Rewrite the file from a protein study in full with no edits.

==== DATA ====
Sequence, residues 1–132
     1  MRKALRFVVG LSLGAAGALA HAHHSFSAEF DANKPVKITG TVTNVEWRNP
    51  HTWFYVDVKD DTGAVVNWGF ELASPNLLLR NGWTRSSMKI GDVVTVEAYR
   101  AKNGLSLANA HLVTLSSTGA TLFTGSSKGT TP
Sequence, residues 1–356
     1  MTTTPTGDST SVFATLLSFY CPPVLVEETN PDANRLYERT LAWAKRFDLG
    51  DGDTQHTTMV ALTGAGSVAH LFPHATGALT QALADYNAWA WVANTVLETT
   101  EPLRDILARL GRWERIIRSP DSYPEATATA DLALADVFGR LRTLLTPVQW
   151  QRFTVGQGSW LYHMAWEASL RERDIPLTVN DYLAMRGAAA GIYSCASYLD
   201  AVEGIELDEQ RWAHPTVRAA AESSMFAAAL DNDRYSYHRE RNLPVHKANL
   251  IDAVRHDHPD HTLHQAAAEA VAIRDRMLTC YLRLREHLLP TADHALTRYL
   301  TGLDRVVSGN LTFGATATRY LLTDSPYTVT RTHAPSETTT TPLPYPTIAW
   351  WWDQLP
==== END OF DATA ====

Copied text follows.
Sequence, residues 1–132
     1  MRKALRFVVG LSLGAAGALA HAHHSFSAEF DANKPVKITG TVTNVEWRNP
    51  HTWFYVDVKD DTGAVVNWGF ELASPNLLLR NGWTRSSMKI GDVVTVEAYR
   101  AKNGLSLANA HLVTLSSTGA TLFTGSSKGT TP
Sequence, residues 1–356
     1  MTTTPTGDST SVFATLLSFY CPPVLVEETN PDANRLYERT LAWAKRFDLG
    51  DGDTQHTTMV ALTGAGSVAH LFPHATGALT QALADYNAWA WVANTVLETT
   101  EPLRDILARL GRWERIIRSP DSYPEATATA DLALADVFGR LRTLLTPVQW
   151  QRFTVGQGSW LYHMAWEASL RERDIPLTVN DYLAMRGAAA GIYSCASYLD
   201  AVEGIELDEQ RWAHPTVRAA AESSMFAAAL DNDRYSYHRE RNLPVHKANL
   251  IDAVRHDHPD HTLHQAAAEA VAIRDRMLTC YLRLREHLLP TADHALTRYL
   301  TGLDRVVSGN LTFGATATRY LLTDSPYTVT RTHAPSETTT TPLPYPTIAW
   351  WWDQLP